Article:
And, of course, as the cover shows very nicely the book is totally adorable! Hall’s artwork and writing is fantastic and elevates what could have been a twee, simple book into a complex and entertaining picture book for readers of all ages.

An attractive, versatile book My Heart is Like a Zoo is guaranteed to become a story time favorite.

Nathaniel Fludd, Beastologist: Flight of the Phoenix (a review)

Nathaniel Fludd, Beastologist: Flight of the Phoenix by R. L. LaFevers, illustrated by Kelly MurphyOn September 5, 1928 ten-year-old Nathaniel Fludd’s parents are declared lost at sea. Alone in the world with no other close relatives and a governess eager to abscond with her Tidy Sum from the Fludd estate, Nathaniel is sent to live with Phil A. Fludd–a mysterious cousin Nate has never met, let alone heard of in Nathaniel Fludd, Beastologist: Flight of the Phoenix by R. L. LaFevers with illustrations by Kelly Murphy.

Find it on Bookshop.

It turns out an eccentric cousin is the first of many things his parents never told him about. The Fludds come from a long line of Beastologists: explorers who travel the world documenting and protecting rare beasts the world has long forgotten, including one rather unique bird that resides with Nate’s eccentric cousin.

When Nate is whisked off with his Beastologist kin, he finds himself in a world of adventure traveling to Arabia to ensure the safe hatching of the world’s only Phoenix.

But no one said being a Beastologist was easy. When trouble strikes Nate is once again all alone faced with the daunting tasks of protecting the Phoenix egg (and his secret pet Gremlin) while hatching a clever plot to rescue his guardian from the Bedouin.

The book comes equipped with a glossary of real (and imagined) terms to help readers better make sense of the Steampunk world of Beastologists and the era of 1928 which create a unique

Flight of the Phoenix is a brilliant story. LaFevers’ writing is charming. She evokes Nathaniel’s world with wit and humor that is complemented well by Murphy’s endearing illustrations. Together the two provide a strong opening to what I hope will be a long series of books.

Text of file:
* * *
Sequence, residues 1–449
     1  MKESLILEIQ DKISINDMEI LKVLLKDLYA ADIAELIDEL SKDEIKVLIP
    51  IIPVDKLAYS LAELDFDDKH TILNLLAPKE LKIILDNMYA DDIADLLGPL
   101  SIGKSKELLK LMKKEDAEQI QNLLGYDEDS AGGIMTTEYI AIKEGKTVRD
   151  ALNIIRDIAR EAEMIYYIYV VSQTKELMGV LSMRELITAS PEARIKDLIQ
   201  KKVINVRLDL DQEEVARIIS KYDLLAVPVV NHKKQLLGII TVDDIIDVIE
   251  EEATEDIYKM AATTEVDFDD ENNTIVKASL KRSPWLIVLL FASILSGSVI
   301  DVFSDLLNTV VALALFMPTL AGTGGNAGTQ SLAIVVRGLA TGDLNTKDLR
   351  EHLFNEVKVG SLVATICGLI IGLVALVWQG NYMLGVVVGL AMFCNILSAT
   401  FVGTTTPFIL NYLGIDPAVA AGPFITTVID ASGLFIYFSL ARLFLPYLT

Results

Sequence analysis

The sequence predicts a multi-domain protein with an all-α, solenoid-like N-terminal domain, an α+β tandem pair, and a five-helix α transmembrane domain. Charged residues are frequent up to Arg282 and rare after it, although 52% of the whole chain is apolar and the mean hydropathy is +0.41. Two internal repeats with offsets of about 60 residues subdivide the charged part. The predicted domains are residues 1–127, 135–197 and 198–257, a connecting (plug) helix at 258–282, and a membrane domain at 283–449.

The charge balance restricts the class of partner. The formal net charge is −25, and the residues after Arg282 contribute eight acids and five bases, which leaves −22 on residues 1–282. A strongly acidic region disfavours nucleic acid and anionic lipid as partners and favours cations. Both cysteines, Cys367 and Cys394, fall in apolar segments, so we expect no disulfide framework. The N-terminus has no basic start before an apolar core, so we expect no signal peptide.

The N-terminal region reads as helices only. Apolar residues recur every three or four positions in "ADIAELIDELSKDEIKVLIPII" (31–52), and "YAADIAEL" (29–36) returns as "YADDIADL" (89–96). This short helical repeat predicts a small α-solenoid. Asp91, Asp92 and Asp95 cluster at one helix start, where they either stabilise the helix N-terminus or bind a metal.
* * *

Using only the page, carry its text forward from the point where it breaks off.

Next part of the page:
Fairy Dust and the Quest for the Egg: A Chick Lit Wednesday Review

Fairy Dust and the Quest for the Egg by Gail Carson LevineFairy Dust and the Quest for the Egg (2005) is another book that I might not love. But no one can say the girls here aren’t super cool and resourceful, which is why it’s a CLW review. I just wish I could say the same for the book.

Gail Carson Levine, author of the insanely awesome novel Ella Enchanted, always thought that Wendy was crazy for going home when she could have stayed with Peter Pan in Neverland. At least that’s what her mini-bio on the dust jacket of her new novel says. Levine also dedicates the book to her first boyfriend, Peter Pan.

One of Disney’s newest marketing ventures is Disney Fairies, which is promoting Tinker Bell and the other characters found in Levine’s novel among other fairies. (There’s also a series of Fairy books for younger readers and a CGI film, not directly related to the events relayed in Fairy Dust and the Quest for the Egg, which is due out this fall on Disney DVD. If you want to learn more, the Disney Fairies have their own website–but be advised it might take a bit to load on slower computers.) When I first heard about this new project, I was intrigued since I am a fan of fairies. At the same time, I was a bit worried. There’s something very commercial, and even counterintuitive, about a writer creating a story with characters that have already been dealt with by other authors (and a lot of movies!). Still, I decided to give it a try.

Before even getting into the story, though, I have to say that this novel is quite beautiful. The actual book is made of high quality paper to accommodate the illustrations that often feature as tw-page spreads throughout the novel. These pictures, watercolors painted by David Christiana, are stunning. The colors are subtle and really the skill is just so obvious in all of the drawings that viewing them is a joy. Christiana manages to stay true to the original Disney vision for Tinker Bell while making her “look” slightly new and different to better fit in with the other fairies.

Unfortunately, it takes more than great illustrations to sustain a good book. The basic plot stays pretty true to some of the elements found in the original story of Peter Pan. The book starts when a baby laughs (every time a baby laughs for the first time, a fairy is born). This fairy, named Prilla, is special. Not only is she going to be a Never Fairy in Neverland, she is also unlike any fairy the island has seen before. Prilla says “please” and “thank you” like humans (called “Clumsies” by fairies). She even curtsies and apologizes. Stranger still, Prilla is able to move between Neverland and the dreams of Clumsy children.